Now, I do know that God’s original plan for our bodies was for good. I also recall that, according to 1 Corinthians 6:19, “your body is a temple of the Holy Spirit within you.” So logically, it appears that we are not to take this Gospel passage literally, but try to figure out what Jesus is convening to us with such graphic imagery.

So here’s the message that I believe Jesus is trying to convey to us with urgency– do whatever it takes to get to heaven. Sin cuts you off from heaven…so you need to cut sin out of your life. If your brain causes you to sin due to evil thoughts, try filling your mind with prayers instead. If your tongue causes you to sin by gossiping, try using your tongue to confess your sins in the sacrament of reconciliation instead. If your hands cause you to sin by fighting, instead try extending your hand for a handshake or give a hug to someone who needs it. If your heart is filled with hate, ask God to remove the hardness of your heart and fill it instead with love. If your eyes cause you to sin on the Internet, buy a filter that limits what sites you can look up. If someone needs help, stop walking past and help them.

This is not something that can easily be changed in one day. This is a continual journey from now until your physical death. We all slip up from time to time. The glory of it all is that with each new day, we get a new chance. Remember, every saint has a past and every sinner has a future. A lot of what that future holds is out of your control. But how you handle what the future throws your way, now that IS something you can control.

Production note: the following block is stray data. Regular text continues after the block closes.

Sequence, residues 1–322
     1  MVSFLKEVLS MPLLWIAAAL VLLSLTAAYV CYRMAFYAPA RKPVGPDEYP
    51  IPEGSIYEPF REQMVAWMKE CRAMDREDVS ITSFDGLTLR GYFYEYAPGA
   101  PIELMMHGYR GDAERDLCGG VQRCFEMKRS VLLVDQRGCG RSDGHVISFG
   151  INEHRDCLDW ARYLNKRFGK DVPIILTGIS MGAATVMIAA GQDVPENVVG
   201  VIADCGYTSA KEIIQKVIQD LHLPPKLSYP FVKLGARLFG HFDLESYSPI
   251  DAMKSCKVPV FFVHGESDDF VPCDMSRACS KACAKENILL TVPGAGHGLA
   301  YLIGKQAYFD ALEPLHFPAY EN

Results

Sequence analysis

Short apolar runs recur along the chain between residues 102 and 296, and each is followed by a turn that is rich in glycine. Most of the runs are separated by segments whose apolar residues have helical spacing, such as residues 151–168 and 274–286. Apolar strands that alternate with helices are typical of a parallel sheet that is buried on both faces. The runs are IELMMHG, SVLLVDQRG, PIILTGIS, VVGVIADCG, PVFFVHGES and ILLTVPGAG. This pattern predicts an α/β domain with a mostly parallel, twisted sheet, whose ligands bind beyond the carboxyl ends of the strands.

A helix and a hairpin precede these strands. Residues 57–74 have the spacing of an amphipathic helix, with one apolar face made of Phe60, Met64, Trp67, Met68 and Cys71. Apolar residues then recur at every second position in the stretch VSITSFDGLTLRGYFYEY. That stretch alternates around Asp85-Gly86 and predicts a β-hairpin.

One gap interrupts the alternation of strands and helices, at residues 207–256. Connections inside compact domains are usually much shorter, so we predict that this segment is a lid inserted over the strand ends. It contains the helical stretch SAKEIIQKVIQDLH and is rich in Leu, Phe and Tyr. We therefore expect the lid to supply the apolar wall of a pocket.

So like St. Catherine of Sienna, whether you live a long or short life, make sure that each day you try to cut out sin by clearly and consistently surrendering your life to Christ. After all, he surrendered His life for you!

Come Holy Spirit

Pentecost Sunday (May 24, 2015)

Acts 2:1-11

Psalm 104:1, 24, 29-31, 34

1 Cor 12:3b-7, 12-13

John 15:26-27; 16:12-15

When I was a kid, I always loved celebrating holidays like Christmas, Easter, Halloween and my birthday. Admittedly it was because they involved me getting presents and candy which is probably why I never cared much about Groundhog’s Day. The problems was, the closer I got to the actual day, the more excited I got, which made time go even slower. I could see the days getting marked off on the calendar, but it would seem to take forever to get there.

I can sense this happening with the Apostles and Pentecost, which is the Feast we celebrate this weekend. Imagine…the Apostles walked with Jesus during His earthly ministry. They witnessed the miracles and heard the parables first hand. Then they watched him get tortured and crucified. The agony they felt, as their Saviour lay dead in a tomb, must have been unimaginable. However, their grief was turned into absolute joy at His resurrection, which confirmed that Jesus was who He said He was…God’s Son.

And now, just before His ascension, Jesus makes the promise that He will be sending the Holy Spirit to strengthen and guide the Apostles in all truth. And just like that, Jesus ascends and the wait for the Spirit begins. The problem is, unlike the holidays I mentioned earlier, the Apostles didn’t know when the Spirit would be coming. So they waited and they waited and they waited some more. With each passing day, I could imagine they would grow a little more anxious. Possibly even start to doubt their faith. And with each day without the promised Holy Spirit, it may even have felt like time was standing still.